If you've just started reading and would like to begin at the beginning, go to the first post about our journey or if you would like to skip ahead to the part that interests you, here are the links to my New Zealand blog posts so far:
1. The Seed
2. The Analysis
3. The Decision
Analysis ParalysisIn order to really process this concept of uprooting our entire family, we needed to take a step back and analyse everything. What was working in our lives, what wasn't and what we were doing on autopilot. It was time to look deeper into our stressors. We began analysing our life, our dreams and goals. There were no sacred cows, we looked at ourselves under a microscope. Were we where we (say that fast three times ha ha) wanted to be on our journey so far? Could New Zealand offer us the change that we were looking for? Weren't we too old? Wasn't this too much of a drastic move? We needed to re-evaluate our lives.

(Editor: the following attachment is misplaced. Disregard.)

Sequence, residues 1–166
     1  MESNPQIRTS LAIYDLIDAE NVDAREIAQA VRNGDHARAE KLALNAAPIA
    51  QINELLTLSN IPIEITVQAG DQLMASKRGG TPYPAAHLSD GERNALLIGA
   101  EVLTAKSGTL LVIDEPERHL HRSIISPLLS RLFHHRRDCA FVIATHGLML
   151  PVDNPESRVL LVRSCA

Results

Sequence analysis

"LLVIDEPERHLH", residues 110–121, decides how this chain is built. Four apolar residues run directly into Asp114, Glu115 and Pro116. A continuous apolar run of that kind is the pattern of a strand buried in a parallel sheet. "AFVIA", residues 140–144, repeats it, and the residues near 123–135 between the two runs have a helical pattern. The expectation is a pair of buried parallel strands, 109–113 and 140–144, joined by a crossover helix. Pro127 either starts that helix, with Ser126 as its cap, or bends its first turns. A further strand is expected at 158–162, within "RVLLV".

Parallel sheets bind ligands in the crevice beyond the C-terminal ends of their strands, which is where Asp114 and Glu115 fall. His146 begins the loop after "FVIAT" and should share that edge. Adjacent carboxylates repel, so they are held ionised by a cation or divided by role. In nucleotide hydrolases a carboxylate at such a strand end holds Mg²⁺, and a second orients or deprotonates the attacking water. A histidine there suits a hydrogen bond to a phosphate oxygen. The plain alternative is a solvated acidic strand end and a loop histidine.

StressHubby and I got married on a public holiday many many moons ago. The idea of getting married on a public holiday, was to enable us to go away for a long weekend to celebrate our anniversary and plan our year ahead. The plan would include work, home, projects, any hobbies we were going to pursue that year, finances and holiday plans. It was kind of like a new year's resolution without all the hype. It was our personal plans and goals for us as a couple and as individuals for our new year together. We looked forward to our anniversary weekends and booked the time and place well in advance. It worked brilliantly because when you're away in an awesome new place you feel relaxed, so the planning was mostly quick and fun and there was plenty of time for discussions and ideas.